2-year-old Boy Flung Out of Car in Malaysian Highway Collision
Another sobering reminder to ensure our kids are buckled up safely when we travel on the road.
A pair of drivers’ unlawful road race ended horribly after it resulted in a collision with a passing vehicle, causing a two-year-old child to be flung onto the highway on Monday (10 Feb).
The incident occurred along the southbound North-South Expressway in Negeri Sembilan, Malaysia.
A one-minute-long recording of the incident was uploaded onto Facebook on Tuesday (11 Feb) by the dashcam owner, who turned out to be the victim’s uncle.
The harrowing clip showed two vehicles — a blue Honda Jazz and a white Perodua Myvi — speeding along a highway, with the latter vehicle dangerously weaving between the other cars on the road.
In a shocking turn of events, the white car attempted to overtake a car, hitting it in the process before speeding away.
The blue sedan, which had been behind the two, quickly pulled away into the next lane, revealing a young child lying on the road.
Fortunately, the dashcam vehicle managed to stop in time, avoiding the child. Thanks to the fast reaction of a passing container vehicle, the child was quickly rescued and retrieved from the road.
Though the dashcam footage is dated 2018, the owner clarified that he did not set a date on the device, hence the incorrect timestamp. The police confirmed that the incident took place on Monday afternoon.
According to Astro Awani, investigations revealed that the victim’s father had been driving on the right-most lane when a white Myvi crashed into them.
The victim’s father lost control of the car and subsequently hit the highway divider before crashing and hitting the Myvi, the impact of which caused the boy to be flung out onto the road.
The boy suffered minor injuries on his legs, arms and legs and is currently being treated at the hospital.
The 20-year-old driver of the white Perodua Myvi was arrested on Tuesday (Feb 11), while the 23-year-old driver of the blue Honda Jazz surrendered himself to the police, reported The Star.
Investigations are still underway for reckless and dangerous driving.
Car safety for kids
Here are important car seat reminders, which should not be overlooked because they could be the difference between “life or death” in the event of an accident.
Newborn to two-years-old: rear-facing car seats
Since their spine is still developing, keep your child in a rear-facing car seat until they are at least two years old. This protects them from possibly fatal neck and spinal injuries in the event of a car crash.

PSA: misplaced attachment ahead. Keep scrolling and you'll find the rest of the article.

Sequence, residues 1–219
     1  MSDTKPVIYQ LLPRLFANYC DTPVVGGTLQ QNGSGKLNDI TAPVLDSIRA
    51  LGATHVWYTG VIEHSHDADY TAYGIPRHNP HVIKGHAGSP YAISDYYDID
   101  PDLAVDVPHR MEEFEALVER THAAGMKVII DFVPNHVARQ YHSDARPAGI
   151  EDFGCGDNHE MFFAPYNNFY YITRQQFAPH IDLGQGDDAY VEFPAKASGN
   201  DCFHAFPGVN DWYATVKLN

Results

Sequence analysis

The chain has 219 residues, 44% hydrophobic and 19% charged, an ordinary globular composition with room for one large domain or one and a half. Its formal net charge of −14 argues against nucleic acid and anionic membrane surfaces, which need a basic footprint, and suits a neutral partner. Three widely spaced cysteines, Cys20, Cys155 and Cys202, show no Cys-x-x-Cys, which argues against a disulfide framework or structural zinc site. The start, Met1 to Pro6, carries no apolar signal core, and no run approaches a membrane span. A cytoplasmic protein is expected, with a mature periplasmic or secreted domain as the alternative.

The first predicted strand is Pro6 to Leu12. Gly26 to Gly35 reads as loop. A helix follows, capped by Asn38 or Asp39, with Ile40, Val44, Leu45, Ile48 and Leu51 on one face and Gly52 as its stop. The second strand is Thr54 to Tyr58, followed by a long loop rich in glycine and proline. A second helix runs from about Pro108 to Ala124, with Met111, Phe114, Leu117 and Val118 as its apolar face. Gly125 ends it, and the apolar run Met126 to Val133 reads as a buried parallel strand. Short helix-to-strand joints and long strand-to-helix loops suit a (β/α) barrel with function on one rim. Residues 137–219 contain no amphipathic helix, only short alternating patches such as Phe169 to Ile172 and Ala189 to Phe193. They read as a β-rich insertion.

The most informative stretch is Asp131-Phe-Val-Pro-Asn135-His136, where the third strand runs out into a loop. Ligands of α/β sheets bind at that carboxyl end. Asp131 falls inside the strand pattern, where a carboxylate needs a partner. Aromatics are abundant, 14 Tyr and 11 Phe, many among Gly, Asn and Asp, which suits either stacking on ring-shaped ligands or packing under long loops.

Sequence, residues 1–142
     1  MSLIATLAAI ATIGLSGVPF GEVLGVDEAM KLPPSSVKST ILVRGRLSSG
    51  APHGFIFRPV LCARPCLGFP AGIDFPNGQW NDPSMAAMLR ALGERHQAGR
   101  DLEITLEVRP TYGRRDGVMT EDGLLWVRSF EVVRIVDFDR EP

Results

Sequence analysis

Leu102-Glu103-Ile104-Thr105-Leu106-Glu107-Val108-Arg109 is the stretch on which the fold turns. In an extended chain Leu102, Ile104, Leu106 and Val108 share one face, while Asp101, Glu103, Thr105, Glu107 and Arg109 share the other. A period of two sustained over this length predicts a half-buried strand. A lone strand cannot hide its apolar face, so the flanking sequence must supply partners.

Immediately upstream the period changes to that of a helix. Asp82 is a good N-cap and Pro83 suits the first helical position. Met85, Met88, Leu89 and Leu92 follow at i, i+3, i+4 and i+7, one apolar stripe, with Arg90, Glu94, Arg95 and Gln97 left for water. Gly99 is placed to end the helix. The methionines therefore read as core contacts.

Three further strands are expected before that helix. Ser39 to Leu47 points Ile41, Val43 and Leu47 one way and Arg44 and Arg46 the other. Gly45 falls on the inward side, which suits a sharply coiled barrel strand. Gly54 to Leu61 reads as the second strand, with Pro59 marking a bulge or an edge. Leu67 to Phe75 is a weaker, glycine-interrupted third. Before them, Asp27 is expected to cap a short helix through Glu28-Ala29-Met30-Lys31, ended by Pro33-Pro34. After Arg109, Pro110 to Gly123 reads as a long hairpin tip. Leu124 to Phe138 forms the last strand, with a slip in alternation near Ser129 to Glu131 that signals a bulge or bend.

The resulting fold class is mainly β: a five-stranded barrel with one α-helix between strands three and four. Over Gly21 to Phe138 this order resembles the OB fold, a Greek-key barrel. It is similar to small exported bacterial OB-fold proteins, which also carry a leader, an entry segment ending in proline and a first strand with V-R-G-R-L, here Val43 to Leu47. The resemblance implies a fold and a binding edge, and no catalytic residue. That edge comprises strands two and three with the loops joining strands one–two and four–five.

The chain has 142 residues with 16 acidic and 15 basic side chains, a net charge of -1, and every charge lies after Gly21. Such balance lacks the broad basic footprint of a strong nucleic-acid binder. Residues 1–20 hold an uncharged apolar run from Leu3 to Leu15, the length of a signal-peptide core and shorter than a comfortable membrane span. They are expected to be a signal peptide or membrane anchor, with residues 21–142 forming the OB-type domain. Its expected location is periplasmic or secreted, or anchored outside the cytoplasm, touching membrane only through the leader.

Two-years-old and up: front-facing seats
You can switch to a front-facing car seat once your baby turns two or outgrows their first car seat.
School-aged kids: booster seats
Around the age of eight to 12 years old — or when your child weighs 80 or even up to 100 pounds — they can already be switched to booster seats.
Remember: Seat belts were designed for those who are at least 4’9″ in height. So until your child is big enough, a booster seat is a MUST.
Make sure your child sits in the back seat until the age of 12. (Yes, protests are expected, but try to explain to your bigger kid why this rule is important to follow!)
DO NOT make these five common mistakes:
- Wrong harness placement. For rear-facing seats, the harness should be fastened below the shoulders. In forward-facing car seats, place it above the shoulders.
- Wrong chest clip placement. Make sure it is at your child’s armpit level.
- Not locking the car seat securely in place. Remember that the car seat should not be loose. A good way to check is by testing if it can’t be moved more than two inches in any direction.
- When using a booster seat, avoid wrong seat belt placement. The seatbelt should not run across your child’s tummy, face, or neck.
- Avoid securing the harness loosely. While it should not be too tight, car seat harnesses should not be to “slack or loose” either!
Aside from following car seat guidelines, always practice defensive driving and observe traffic rules. When it comes to the safety of our families, it always pays to go the extra mile.
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Also READ: Baby’s death is a sobering reminder about car seat safety